EDUCATION FOR ALL: A PRIVILEGE & RESPONSIBILITY
By Ken Gnanakan
An educationist's response to the on-going 'Right To Education' debate.
Ken Gnanakan (PhD London)
ACTS Founder & President
India is only now waking up to the Right to Education (RTE) and that is highly commendable. This was Mahatma Gandhi's primary concern with a real burden to properly educate the poorer rural masses. However, as the RTE gets implemented, we will need to do a great deal of thinking on what kind of education to introduce. It will be a disaster if the poor and underprivileged are to immediately be given places in the modernized English medium private schools and their questionable curriculum. The consequences could be counterproductive.
Expecting the underprivileged children to get into private "elite" schools and their "elitist" mentalities could not be a more graphic representation of "fish out of water". For one thing, the underprivileged children who have been distanced from adequate educational opportunities will face some damaging influences on their morale when suddenly thrown into such environments. This would be emotionally damaging. Academically and socially they will be required to keep up with those who have got used to that environment. On the other hand, those who are used to the more sophisticated schooling could be temporarily impeded in their progress, but that is the lesser problem.
My suggestion is for a "transitional" phase. The RTE implementation must get back to considering Gandhiji's integrated education programme for the rural masses. He wrote: "I am a firm believer in the principle of free and compulsory primary education for India. I also hold that we shall realize this only by teaching the children a useful vocation and utilizing it as a means for cultivating their mental, physical and spiritual faculties." There should be a gradual entry into educational experiences and the initial approach should be on skills rather than knowledge development.
There is another issue. Gandhiji's aversion to the English education as introduced by the British is well known. 'less English, but more drill, music, drawing, and of course, a vocation', is what he recommended. Some relevant questions will need to be asked as we introduce modern education for all: Is an English medium immediately required for these children? Even if yes, will they cope with prevailing standards?
The question of the curriculum and syllabus for the masses is something that needs to be addressed. It is unfair to expect people deprived of education to be suddenly introduced to a common curriculum. The integrated approach as against our prevailing "head-heavy" systems will gradually transition them into the learning environment of our more modern schools. While we do believe in a commitment to education for all, we will need to recognize the need for appropriate forms of learning to address this.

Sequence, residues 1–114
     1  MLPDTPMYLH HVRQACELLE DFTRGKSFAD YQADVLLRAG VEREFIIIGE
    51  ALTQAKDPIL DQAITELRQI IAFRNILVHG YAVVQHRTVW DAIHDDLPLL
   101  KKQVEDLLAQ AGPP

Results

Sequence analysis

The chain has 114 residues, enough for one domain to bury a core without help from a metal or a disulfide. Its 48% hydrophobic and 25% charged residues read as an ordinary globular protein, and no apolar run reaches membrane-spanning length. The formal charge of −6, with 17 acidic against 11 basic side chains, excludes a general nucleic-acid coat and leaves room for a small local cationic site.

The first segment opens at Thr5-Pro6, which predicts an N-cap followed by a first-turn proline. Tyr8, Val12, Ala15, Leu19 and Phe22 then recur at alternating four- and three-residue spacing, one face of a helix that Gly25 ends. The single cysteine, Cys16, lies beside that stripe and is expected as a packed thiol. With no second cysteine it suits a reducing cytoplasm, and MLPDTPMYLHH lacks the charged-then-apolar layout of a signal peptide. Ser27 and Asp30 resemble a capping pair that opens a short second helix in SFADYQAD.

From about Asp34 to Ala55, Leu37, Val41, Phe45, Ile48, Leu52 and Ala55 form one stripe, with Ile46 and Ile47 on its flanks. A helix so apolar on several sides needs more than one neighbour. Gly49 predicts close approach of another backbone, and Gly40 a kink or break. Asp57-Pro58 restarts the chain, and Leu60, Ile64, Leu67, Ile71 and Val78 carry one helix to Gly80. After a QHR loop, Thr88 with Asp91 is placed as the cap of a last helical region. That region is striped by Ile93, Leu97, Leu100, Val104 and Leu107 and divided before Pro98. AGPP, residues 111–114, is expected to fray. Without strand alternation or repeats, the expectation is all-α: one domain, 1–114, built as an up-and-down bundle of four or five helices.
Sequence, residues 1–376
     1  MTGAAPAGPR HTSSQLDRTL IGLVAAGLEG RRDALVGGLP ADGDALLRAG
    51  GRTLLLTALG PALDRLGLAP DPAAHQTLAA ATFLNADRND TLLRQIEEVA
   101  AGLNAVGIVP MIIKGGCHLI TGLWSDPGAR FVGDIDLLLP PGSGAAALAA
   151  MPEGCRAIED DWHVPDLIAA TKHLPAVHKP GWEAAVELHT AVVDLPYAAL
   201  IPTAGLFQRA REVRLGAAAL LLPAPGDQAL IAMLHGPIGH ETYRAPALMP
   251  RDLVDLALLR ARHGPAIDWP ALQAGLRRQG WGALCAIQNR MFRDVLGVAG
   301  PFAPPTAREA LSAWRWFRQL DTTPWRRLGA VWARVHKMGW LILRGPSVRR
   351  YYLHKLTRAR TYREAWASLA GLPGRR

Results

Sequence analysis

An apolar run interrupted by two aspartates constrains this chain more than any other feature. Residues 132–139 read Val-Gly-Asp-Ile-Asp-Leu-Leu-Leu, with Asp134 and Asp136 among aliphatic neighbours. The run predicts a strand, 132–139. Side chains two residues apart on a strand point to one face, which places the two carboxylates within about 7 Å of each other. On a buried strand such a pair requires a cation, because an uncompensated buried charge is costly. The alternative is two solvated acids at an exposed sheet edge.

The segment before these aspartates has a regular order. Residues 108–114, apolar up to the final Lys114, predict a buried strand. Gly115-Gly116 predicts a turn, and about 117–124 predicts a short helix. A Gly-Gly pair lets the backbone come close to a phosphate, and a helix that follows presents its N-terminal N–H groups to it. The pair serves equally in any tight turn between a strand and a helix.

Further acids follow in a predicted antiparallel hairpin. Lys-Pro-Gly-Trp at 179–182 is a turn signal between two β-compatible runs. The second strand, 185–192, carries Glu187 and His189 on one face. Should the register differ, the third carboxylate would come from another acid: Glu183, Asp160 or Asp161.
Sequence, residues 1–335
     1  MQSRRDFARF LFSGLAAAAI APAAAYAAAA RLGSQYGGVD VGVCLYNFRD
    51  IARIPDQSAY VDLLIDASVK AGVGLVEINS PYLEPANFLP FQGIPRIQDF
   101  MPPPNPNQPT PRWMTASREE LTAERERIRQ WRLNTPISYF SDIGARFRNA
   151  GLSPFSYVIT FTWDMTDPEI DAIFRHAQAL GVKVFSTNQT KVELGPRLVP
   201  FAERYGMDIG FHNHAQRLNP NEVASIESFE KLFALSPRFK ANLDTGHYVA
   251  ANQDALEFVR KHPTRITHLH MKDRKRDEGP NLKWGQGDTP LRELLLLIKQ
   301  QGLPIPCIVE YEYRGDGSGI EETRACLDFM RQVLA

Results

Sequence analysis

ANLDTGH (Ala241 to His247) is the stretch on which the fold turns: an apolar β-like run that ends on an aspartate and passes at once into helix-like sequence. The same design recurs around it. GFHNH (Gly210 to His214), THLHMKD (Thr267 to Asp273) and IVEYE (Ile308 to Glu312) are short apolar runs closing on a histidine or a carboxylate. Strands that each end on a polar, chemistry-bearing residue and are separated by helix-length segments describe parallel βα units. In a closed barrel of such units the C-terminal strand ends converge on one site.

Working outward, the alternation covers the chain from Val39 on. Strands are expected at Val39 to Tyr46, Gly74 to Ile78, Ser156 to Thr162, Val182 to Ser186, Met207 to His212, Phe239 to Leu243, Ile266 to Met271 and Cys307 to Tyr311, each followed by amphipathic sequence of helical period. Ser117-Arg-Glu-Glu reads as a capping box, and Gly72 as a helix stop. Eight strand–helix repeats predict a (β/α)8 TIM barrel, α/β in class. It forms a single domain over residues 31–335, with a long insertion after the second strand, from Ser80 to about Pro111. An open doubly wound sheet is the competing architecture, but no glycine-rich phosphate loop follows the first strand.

We will see a very practical suggestion as we look at Gandhiji's educating the underprivileged: "as to primary education, my confirmed opinion is that the commencement of training by teaching the alphabet and reading and writing hampers their intellectual growth. I would not teach them the alphabet till they have had an elementary knowledge of history, geography, mental arithmetic and the art (say) of spinning. Through these three I should develop their intelligence."
While Gandhi was talking about rural education wanting to "to resuscitate the villages of India" I want to apply the same to educating the underprivileged even in urban settings. In a way the academic exposure of the urban underprivileged is no different to those in rural settings, except that the urbanized students are to some extent acquainted with the wider applications of science and technology, although at very basic levels. Instead of Gandhi's recommendation of the spinning wheel (which even Rabindranath Tagore criticized) we could look at several other "entry points" and transition phases for this kind of education - computers, environmental issues, water and energy problems, roads and buildings, health, music, dance and various talents, skills and crafts etc.
The RTE has come in at the right time as India progresses into a becoming a global giant again. But we need to think more holistically in approaching the underprivileged masses and in doing so integrating them into the mainstream of a rapidly progressing India. It is time to think through even our educational models for the urban dwellers. Gandhi was concerned for an all-round integrated development of the child. Once the child is set on the road to progress, he or she is ready to accept the challenge of any socio-economic environment. Villagers and underprivileged urban dwellers can all be integrated together into a wholesome society that is prepared to take its place in the emerging global village.
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